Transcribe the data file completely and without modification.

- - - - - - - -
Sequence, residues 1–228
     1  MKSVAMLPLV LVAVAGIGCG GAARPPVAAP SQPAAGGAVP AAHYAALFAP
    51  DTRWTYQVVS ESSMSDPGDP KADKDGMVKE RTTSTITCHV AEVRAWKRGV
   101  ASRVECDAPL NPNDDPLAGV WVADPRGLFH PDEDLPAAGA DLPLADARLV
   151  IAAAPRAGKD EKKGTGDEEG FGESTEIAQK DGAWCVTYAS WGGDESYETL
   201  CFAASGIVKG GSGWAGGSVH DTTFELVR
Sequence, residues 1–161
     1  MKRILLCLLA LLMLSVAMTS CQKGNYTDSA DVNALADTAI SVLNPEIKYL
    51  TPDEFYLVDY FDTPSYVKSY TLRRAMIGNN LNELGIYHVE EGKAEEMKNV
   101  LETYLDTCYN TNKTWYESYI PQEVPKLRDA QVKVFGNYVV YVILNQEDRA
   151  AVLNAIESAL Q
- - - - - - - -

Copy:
Sequence, residues 1–228
     1  MKSVAMLPLV LVAVAGIGCG GAARPPVAAP SQPAAGGAVP AAHYAALFAP
    51  DTRWTYQVVS ESSMSDPGDP KADKDGMVKE RTTSTITCHV AEVRAWKRGV
   101  ASRVECDAPL NPNDDPLAGV WVADPRGLFH PDEDLPAAGA DLPLADARLV
   151  IAAAPRAGKD EKKGTGDEEG FGESTEIAQK DGAWCVTYAS WGGDESYETL
   201  CFAASGIVKG GSGWAGGSVH DTTFELVR
Sequence, residues 1–161
     1  MKRILLCLLA LLMLSVAMTS CQKGNYTDSA DVNALADTAI SVLNPEIKYL
    51  TPDEFYLVDY FDTPSYVKSY TLRRAMIGNN LNELGIYHVE EGKAEEMKNV
   101  LETYLDTCYN TNKTWYESYI PQEVPKLRDA QVKVFGNYVV YVILNQEDRA
   151  AVLNAIESAL Q